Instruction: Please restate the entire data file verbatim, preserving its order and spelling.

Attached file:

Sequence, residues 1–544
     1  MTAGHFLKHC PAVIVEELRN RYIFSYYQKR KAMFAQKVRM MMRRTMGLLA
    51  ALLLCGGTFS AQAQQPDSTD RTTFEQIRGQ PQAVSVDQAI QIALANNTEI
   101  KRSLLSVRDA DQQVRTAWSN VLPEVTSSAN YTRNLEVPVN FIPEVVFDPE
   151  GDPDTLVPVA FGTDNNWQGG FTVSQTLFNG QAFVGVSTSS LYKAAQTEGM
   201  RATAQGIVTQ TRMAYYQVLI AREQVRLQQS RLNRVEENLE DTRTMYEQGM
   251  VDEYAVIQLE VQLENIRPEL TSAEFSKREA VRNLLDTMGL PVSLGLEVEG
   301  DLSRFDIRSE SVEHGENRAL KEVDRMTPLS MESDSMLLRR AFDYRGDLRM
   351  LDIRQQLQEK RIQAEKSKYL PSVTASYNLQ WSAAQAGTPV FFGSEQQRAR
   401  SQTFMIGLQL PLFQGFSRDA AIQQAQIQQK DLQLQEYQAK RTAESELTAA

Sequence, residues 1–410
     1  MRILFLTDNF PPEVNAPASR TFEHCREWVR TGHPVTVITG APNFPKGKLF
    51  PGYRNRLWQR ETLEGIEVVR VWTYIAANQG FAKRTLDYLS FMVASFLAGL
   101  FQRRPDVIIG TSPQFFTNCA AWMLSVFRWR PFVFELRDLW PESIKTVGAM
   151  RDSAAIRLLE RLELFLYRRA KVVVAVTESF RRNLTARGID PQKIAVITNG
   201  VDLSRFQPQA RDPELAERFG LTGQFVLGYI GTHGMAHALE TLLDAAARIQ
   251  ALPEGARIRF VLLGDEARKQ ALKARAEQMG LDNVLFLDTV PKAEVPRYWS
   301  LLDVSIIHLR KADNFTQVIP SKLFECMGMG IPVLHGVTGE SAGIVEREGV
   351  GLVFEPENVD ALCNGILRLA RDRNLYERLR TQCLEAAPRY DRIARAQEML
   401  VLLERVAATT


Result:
Sequence, residues 1–544
     1  MTAGHFLKHC PAVIVEELRN RYIFSYYQKR KAMFAQKVRM MMRRTMGLLA
    51  ALLLCGGTFS AQAQQPDSTD RTTFEQIRGQ PQAVSVDQAI QIALANNTEI
   101  KRSLLSVRDA DQQVRTAWSN VLPEVTSSAN YTRNLEVPVN FIPEVVFDPE
   151  GDPDTLVPVA FGTDNNWQGG FTVSQTLFNG QAFVGVSTSS LYKAAQTEGM
   201  RATAQGIVTQ TRMAYYQVLI AREQVRLQQS RLNRVEENLE DTRTMYEQGM
   251  VDEYAVIQLE VQLENIRPEL TSAEFSKREA VRNLLDTMGL PVSLGLEVEG
   301  DLSRFDIRSE SVEHGENRAL KEVDRMTPLS MESDSMLLRR AFDYRGDLRM
   351  LDIRQQLQEK RIQAEKSKYL PSVTASYNLQ WSAAQAGTPV FFGSEQQRAR
   401  SQTFMIGLQL PLFQGFSRDA AIQQAQIQQK DLQLQEYQAK RTAESELTAA

Sequence, residues 1–410
     1  MRILFLTDNF PPEVNAPASR TFEHCREWVR TGHPVTVITG APNFPKGKLF
    51  PGYRNRLWQR ETLEGIEVVR VWTYIAANQG FAKRTLDYLS FMVASFLAGL
   101  FQRRPDVIIG TSPQFFTNCA AWMLSVFRWR PFVFELRDLW PESIKTVGAM
   151  RDSAAIRLLE RLELFLYRRA KVVVAVTESF RRNLTARGID PQKIAVITNG
   201  VDLSRFQPQA RDPELAERFG LTGQFVLGYI GTHGMAHALE TLLDAAARIQ
   251  ALPEGARIRF VLLGDEARKQ ALKARAEQMG LDNVLFLDTV PKAEVPRYWS
   301  LLDVSIIHLR KADNFTQVIP SKLFECMGMG IPVLHGVTGE SAGIVEREGV
   351  GLVFEPENVD ALCNGILRLA RDRNLYERLR TQCLEAAPRY DRIARAQEML
   401  VLLERVAATT